Small to medium sized businesses today are able to compete with global brands, thanks to the world wide web, but cyber criminals are unfortunately targeting these small to medium sized enterprises that is why it is essential to have managed IT support services for your Sydney business.
Here are just some of the latest technological updates that a managed IT support team in Sydney has to keep an eye on this week.
SonicWall From Dell Has Backdoor Vulnerability
Managed IT support teams in Sydney and around the world will be very busy in monitoring SonicWall’s GMS (global management system) consoles because if the hidden account default password that is very easy to access.
Digital Defense, a security vendor, says that the hidden user account can easily be accessed via an interface client command line that people can download from the GMS application console. Managed IT support groups in Sydney should be vigilant because it is easy to edit the command line to be able to add non-administrative user access. Cyber attackers will be able to logon to the interface over the web and alter the admin user password. Once they have logged in using the administrator account, cyber attackers can have total control of the targeted SonicWall device and the GMS controls.
Managed IT support teams in Sydney are well aware of the critical vulnerability. Digital defense gave the firewall management console issue of version 8.1 a critical rating. Dell quickly responded in resolving this by removing the backdoor account and also fixed five other issues that Digital Defense discovered. Two of the other vulnerabilities that was patched by Dell also had a critical rating. Their researchers discovered that attackers could alter set_dns and set_time_config commands with superuser privileges or rooting. If a cyber attacker was successful in doing so, the attacker could access database credentials and alter the admin user password of the GMS, which would also lead to total control of the breached system.
Microsoft Issues This Month
Managed IT support groups in Sydney definitely had their hands full with Microsoft patches and updates this month. The batch of July patches included fixing a bug that can be exploited to bypass a Windows system’s secure boot protection function.
Managed IT support teams in Sydney know that newer Microsoft computers need to go through the mandated secure boot process in the UEFI or unified extensible firmware interface code which verifies the boot loader before the Windows operating system starts up to make sure that the device is digitally signed by the manufacturer. But secure boot can be completely bypassed using Windows group policy which can be used by cyber attackers to gain total access to Windows systems that are thought to be locked down. If an attacker is able to exploit the susceptibility can undermine the checks for code integrity and allow test-signed drivers and executables to run on the targeted Microsoft device. The cyber attacker could also work around the integrity validation of the secureboot for BitLocker and other security features like the device encryption allowing the hacker to do plenty of damage to the system.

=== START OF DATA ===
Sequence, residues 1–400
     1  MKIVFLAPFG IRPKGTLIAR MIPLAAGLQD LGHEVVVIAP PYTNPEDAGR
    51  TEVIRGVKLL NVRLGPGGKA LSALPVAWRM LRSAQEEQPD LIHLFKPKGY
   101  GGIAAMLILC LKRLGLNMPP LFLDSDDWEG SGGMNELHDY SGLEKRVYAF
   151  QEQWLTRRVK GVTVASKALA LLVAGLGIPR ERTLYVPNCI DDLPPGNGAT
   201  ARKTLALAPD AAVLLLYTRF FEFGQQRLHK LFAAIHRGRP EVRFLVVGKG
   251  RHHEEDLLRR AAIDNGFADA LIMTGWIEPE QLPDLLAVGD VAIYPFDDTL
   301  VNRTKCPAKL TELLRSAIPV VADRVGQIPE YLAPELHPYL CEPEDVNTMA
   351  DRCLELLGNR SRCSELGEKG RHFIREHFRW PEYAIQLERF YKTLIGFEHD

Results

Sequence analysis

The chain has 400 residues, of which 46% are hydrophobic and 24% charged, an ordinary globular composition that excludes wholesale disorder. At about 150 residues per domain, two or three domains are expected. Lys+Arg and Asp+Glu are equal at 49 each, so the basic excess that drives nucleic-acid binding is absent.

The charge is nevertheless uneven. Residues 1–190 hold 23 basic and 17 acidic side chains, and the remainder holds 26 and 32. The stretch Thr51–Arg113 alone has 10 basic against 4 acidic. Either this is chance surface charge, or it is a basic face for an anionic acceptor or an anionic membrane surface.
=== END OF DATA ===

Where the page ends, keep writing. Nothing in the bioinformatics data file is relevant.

The solution for CVE-2016-3287 have blacklisting capabilities of the policies that attackers may use to undermine Secure Boot. The only other way for cyber attackers to breach systems, even with a managed IT support team in Sydney in place, is by having physical access to the system or gaining admin privileges if they want to take control of Windows client and server newer versions. A qualified and dependable managed IT support group in Sydney who takes a pro-active approach in monitoring and keeping business systems and servers secure will surely be able to prevent this from happening.
A systems engineer from Core Security, Bobby Kuzma, mentions that the flaw could potentially make the boot system protection useless, which can open the system up to spying by scrupulous individuals, or even the government. Ironically, secure boot is not all the secure. A cyber attacker who can disable the integrity checks can easily disable the BitLocker encryption.
Managed IT support groups in Sydney should have downloaded and installed the recently patched vulnerabilities. One of the patches, MS16-084 was for handling remote execution code for the browser (internet explorer) that was susceptible to exploitation via malicious websites.